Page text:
Isabella Jeong is the author of The Guest, one of the short stories in Wafting Earthy; and is a newly published writer. She graduated high school in 2020 and is currently on a gap year to explore her passion for literature. She intends to finish her next short story by the end of 2021.
Her favorite reads are: The Stranger by Albert Camus, Hamlet by William Shakespeare, A Farewell to Arms by Ernest Hemingway, The Sorrows of Young Werther by Wolfgang von Goethe, You are the Apple of My Eye by Giddens Ko. She loves reading fiction in any genre. Her favorite genre to write is romance.
Writing for Penfluenza, Isabella says: Writing for this theme provided an opportunity to identify what I need to work on in the future!
We asked Isabella a few questions to get to know her better. Here’s what she had to say:
I have been writing since…
I’ve been writing for as long as I can remember.
My favorite author(s) and book(s)?
The Stranger by Albert Camus, Hamlet by William Shakespeare, A Farewell to Arms by Ernest Hemingway, The Sorrows of Young Werther by Wolfgang von Goethe, You are the Apple of My Eye by Giddens Ko
My journey as a writer:
My journey as a writer was full of confusion and imperfections. I know it will continue to be that way and I’m in for the ride.
Why should we read you?
My favorite genre to read / write
My favorite genre to read is any genre of fiction. My favorite genre to write is romance.
What advice would you give young and aspiring writers?
Although I am extremely unqualified to give out any advice to anyone, I would tell them to experiment with anything they can think of.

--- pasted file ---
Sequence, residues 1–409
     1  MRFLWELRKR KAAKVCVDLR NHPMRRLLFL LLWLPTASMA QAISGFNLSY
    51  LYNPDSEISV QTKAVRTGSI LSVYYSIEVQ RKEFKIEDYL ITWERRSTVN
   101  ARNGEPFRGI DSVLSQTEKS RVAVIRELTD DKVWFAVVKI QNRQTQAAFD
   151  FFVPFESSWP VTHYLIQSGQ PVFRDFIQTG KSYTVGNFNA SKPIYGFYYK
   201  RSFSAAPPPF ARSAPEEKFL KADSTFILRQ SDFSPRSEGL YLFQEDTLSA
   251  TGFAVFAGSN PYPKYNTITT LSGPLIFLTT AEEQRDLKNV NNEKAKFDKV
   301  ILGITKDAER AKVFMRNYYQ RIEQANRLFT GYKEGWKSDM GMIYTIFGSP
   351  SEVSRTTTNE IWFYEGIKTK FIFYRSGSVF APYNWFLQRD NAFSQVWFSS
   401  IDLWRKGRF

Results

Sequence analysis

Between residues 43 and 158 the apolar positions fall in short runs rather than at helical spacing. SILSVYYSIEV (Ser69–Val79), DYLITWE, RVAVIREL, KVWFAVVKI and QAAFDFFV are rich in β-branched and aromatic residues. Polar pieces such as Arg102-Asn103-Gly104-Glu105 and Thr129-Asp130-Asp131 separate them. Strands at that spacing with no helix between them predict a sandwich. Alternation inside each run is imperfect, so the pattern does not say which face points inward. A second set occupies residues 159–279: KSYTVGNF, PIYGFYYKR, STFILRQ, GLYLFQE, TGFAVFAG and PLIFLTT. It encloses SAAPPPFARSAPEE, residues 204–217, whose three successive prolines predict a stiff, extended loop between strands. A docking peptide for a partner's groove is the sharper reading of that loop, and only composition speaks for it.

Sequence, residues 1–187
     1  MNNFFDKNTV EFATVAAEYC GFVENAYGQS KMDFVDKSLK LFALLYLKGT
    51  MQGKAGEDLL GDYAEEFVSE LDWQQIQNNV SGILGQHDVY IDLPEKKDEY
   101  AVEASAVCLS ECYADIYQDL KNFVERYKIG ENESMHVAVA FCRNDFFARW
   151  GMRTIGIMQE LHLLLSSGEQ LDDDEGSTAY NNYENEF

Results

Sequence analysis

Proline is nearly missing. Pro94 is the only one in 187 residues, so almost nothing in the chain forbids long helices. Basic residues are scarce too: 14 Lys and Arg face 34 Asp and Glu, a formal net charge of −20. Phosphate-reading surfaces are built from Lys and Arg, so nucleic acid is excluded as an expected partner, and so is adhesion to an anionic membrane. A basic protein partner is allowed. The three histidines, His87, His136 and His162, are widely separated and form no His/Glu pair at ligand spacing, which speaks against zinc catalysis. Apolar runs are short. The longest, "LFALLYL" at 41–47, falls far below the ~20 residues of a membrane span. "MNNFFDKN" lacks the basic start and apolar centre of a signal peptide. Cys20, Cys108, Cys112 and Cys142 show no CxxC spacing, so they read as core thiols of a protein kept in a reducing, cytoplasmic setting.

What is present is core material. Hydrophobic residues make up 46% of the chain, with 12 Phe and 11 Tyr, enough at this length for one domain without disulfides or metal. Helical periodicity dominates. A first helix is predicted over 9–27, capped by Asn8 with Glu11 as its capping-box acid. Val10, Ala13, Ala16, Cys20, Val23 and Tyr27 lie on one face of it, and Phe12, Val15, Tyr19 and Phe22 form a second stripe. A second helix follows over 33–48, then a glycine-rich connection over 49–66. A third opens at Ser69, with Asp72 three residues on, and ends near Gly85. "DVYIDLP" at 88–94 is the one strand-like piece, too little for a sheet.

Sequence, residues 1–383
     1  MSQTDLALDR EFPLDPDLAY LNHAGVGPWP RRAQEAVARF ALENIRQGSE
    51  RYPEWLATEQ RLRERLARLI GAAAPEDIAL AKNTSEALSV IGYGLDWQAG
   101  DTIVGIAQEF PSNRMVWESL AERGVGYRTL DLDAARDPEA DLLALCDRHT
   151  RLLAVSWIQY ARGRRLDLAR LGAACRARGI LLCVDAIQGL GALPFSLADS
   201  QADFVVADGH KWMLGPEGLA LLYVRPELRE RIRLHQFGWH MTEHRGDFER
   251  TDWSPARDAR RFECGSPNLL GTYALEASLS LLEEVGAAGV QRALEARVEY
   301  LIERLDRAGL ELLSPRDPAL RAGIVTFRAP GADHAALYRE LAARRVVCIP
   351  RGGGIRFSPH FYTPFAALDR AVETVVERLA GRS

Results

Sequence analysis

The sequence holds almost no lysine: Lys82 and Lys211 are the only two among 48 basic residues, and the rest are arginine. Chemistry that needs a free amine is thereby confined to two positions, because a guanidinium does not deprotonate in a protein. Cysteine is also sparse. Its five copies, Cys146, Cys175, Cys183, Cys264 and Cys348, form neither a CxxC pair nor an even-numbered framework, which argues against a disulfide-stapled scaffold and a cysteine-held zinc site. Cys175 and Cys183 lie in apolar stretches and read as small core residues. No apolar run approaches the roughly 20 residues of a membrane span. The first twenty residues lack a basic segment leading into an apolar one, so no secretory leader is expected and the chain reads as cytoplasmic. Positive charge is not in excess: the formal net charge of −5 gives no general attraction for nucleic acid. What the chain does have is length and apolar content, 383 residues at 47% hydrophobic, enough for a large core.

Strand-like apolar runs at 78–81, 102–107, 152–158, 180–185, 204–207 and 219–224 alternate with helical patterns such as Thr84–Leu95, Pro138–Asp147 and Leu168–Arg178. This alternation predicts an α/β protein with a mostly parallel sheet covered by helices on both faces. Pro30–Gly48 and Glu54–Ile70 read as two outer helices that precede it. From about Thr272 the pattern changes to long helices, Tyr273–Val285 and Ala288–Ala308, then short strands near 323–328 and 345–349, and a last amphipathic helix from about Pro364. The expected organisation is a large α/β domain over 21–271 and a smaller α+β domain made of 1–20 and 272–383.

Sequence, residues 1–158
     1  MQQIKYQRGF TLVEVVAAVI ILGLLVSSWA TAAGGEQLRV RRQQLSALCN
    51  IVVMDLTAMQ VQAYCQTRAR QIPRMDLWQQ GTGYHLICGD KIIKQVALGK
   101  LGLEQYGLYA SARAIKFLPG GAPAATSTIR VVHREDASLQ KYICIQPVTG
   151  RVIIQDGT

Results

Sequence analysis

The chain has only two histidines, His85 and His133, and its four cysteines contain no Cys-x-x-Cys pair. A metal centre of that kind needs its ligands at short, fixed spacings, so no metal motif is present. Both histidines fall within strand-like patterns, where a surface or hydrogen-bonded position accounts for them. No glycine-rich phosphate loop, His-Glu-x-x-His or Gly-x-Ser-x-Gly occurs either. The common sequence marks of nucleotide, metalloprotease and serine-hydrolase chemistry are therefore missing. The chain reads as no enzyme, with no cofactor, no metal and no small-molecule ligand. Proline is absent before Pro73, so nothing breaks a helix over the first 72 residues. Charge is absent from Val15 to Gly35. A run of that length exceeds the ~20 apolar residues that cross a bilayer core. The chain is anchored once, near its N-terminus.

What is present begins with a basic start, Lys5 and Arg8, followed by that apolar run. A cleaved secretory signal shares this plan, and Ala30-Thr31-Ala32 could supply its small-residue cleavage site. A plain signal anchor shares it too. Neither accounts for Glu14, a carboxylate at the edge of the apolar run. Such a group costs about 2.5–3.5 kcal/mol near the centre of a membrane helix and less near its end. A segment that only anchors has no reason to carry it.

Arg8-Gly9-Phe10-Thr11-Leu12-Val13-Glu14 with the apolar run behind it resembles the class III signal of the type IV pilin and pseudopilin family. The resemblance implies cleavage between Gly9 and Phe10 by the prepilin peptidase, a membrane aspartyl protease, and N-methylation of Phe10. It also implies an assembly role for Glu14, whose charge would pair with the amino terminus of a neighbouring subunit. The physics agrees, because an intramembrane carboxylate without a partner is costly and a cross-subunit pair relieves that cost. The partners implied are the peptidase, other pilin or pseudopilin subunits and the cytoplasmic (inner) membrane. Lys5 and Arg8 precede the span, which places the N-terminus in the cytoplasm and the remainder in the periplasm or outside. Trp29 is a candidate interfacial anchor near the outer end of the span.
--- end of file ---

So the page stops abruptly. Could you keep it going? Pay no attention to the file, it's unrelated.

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Here’s an except from Isabella’s winning story The Guest that’s now published in Wafting Earthy:
A friendly smile and a warm greeting. Hazel pushed up the corners of her mouth with her two fingers. It had been exactly two months since she started working at the front desk of Rosewood Hotel, her each and every day bored by the rigid structure of her work schedule. It was almost enough for her to quit – almost.
The paychecks kept her going. Besides, her life was already a constant, mechanically repetitive recurrence of routines anyway, with or without the job. The last time spontaneity was a part of her life was back in high school. With a particular person. And quitting now would only introduce unwanted disruption – she’d already gotten used to the artificially sweet scent of warm coconut and fresh lime that wafted through the first-floor lobby. When she heard a familiar creaking sound from the hotel entrance, she instinctively faced the glass door held open by a colleague, her eyes naturally falling onto the two guests who were stepping into the hotel.